U.Va. gets $52.6 million gift
Bequest from Law alum to generate $2.5 million
a year for Medical Center
By Bill Sublette
University has received the second largest gift in its history,
President John T. Casteen III announced April 5. The $52.6 million
bequest from Ward Buchanan, a 1914 graduate of the Law School, will
create an unrestricted endowment fund for the Medical Center.
be known as the Buchanan Fund, the endowment will be invested to
generate income for the Universitys hospitals and clinics.
Initially it will produce approximately $2.5 million a year for
the Medical Center, although that amount is expected to increase
as the endowments assets grow.
gift is the result of estate plans made more than 60 years ago by
Buchanan, a retired Procter & Gamble executive who died in 1942.
Buchanan stipulated in his will that a trust be created to provide
income for his close and extended family and, after the death of
his last surviving heir, to establish the Ward Buchanan Fund for
hospital purposes at the University. After the recent
death of Helen Hackwell, one of Buchanans cousins and the
last income beneficiary of the trust, the University received the
is a remarkable gift, Casteen said. More than a half-century
ago, an alumnus whom we did not have the privilege of knowing provided
for his heirs in his estate plans. At the same time, and with exceptional
foresight, he made the University the ultimate recipient of his
legacy. From this thoughtful act, we now have a substantial and
perpetual source of support for the advanced level of care that
only an academic medical center can provide. We are grateful for
Ward Buchanans generosity and for his commitment to the future
of health care at the University. Full
sets stage for graduate student innovation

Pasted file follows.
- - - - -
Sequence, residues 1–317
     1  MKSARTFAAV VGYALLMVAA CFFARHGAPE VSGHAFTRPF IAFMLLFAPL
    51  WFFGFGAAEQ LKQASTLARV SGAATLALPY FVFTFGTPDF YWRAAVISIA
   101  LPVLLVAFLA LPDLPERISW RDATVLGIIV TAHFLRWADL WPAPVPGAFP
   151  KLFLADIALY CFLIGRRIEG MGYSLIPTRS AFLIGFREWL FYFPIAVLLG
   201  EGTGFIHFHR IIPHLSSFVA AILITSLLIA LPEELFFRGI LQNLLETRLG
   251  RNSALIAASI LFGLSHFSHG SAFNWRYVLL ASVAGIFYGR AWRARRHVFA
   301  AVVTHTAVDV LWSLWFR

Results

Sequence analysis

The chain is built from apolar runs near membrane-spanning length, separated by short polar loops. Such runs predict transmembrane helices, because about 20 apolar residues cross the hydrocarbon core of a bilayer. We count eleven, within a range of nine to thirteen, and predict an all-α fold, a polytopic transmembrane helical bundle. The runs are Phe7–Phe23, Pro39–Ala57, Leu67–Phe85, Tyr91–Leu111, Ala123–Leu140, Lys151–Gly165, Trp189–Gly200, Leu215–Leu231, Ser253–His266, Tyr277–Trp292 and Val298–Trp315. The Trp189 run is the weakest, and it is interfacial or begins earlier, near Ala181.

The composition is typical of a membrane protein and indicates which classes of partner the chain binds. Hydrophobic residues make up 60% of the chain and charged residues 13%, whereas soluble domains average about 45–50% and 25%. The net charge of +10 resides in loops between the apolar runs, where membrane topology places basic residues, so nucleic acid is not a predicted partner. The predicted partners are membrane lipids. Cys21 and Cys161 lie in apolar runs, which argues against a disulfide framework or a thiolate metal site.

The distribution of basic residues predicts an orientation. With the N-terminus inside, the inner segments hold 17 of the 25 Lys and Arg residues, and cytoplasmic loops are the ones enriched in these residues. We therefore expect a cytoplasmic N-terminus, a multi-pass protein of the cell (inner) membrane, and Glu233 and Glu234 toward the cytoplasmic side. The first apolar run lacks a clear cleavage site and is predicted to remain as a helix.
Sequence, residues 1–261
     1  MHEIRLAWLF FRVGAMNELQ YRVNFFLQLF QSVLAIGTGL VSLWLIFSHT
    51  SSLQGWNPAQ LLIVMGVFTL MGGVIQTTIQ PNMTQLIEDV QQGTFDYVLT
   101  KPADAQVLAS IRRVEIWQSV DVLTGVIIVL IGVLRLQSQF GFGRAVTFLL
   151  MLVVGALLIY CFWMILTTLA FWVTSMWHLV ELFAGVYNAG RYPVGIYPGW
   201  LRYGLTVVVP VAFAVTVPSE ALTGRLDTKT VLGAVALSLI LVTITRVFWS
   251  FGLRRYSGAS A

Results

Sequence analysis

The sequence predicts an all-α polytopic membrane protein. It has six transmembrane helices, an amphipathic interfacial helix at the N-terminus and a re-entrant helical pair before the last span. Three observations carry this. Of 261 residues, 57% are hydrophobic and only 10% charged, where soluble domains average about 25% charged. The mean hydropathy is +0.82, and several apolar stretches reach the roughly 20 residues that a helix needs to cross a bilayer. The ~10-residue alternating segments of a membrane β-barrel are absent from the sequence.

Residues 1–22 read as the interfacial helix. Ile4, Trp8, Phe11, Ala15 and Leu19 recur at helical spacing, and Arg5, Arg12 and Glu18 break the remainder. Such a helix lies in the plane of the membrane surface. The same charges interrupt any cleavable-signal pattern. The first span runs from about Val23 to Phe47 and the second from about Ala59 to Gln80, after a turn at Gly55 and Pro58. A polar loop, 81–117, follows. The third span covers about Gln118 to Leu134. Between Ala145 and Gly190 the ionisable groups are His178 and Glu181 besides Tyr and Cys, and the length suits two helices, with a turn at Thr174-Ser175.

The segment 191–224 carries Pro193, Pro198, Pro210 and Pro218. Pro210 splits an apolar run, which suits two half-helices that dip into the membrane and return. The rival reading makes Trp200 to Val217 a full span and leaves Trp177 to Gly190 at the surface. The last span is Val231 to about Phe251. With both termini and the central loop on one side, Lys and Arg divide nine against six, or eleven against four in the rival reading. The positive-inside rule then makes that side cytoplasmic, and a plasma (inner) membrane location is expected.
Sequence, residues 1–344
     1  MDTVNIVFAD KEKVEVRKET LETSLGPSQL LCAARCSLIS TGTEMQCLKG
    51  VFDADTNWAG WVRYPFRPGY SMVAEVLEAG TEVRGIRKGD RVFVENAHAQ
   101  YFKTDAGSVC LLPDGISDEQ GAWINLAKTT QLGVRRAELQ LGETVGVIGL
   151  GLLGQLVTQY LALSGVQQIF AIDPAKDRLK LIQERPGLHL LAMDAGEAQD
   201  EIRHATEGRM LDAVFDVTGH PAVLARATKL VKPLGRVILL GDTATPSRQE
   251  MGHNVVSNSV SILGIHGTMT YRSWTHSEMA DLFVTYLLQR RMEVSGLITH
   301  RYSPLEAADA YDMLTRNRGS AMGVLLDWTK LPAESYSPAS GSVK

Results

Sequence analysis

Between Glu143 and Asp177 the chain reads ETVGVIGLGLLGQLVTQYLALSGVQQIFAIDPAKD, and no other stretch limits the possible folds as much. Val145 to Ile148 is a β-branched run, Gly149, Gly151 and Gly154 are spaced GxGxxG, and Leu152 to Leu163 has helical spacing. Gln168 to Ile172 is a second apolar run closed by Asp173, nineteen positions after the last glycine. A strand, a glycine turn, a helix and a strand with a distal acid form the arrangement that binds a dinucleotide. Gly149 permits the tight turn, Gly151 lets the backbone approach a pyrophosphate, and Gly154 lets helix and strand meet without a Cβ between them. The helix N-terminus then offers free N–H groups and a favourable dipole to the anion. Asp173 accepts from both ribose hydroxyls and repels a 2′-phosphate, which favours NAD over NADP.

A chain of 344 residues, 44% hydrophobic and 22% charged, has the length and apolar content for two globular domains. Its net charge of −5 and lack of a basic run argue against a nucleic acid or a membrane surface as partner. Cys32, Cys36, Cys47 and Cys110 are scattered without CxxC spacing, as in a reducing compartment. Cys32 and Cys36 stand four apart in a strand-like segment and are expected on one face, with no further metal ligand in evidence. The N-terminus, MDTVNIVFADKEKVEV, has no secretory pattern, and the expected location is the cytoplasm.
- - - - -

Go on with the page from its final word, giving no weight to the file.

by Rebecca Arrington
third-year graduate students Nate Otto (center) and Tom Hackman,
invention and ingenuity were at the heart of a research partnership
to improve the safety and quality of life for drama students
at U.Va. The two developed a frame-mounted tool, the Huskey
Saw (shown here), which makes designing theater sets safer and
easier. See Theater students saw
a solution for set construction.
State cuts force hikes in tuition
or the lack thereof dominated the April 4-6 quarterly
meeting of the
U.Va. Board of Visitors.
The governing body sought to address state budget cuts with an 8.8
percent tuition increase, but still heard appeals for funding to
prevent a faculty exodus and increase graduate student support.
Meanwhile, Medical Center revenues are barely exceeding expenses
through the first eight months of the fiscal year.
increase follows state trend
board put its official stamp on anticipated hikes in tuition and
mandatory fees by voting to increase rates 8.8 percent for in-state
undergraduate students, bringing the total cost to $4,608. (See
joins the states other colleges and universities in increasing
tuitions after years of an in-state tuition freeze. Virginia Tech,
James Madison and Radford universities have hiked in-state tuition
rates by 9 percent; George Mason raised tuition and mandatory fees
by 16.5 percent. Full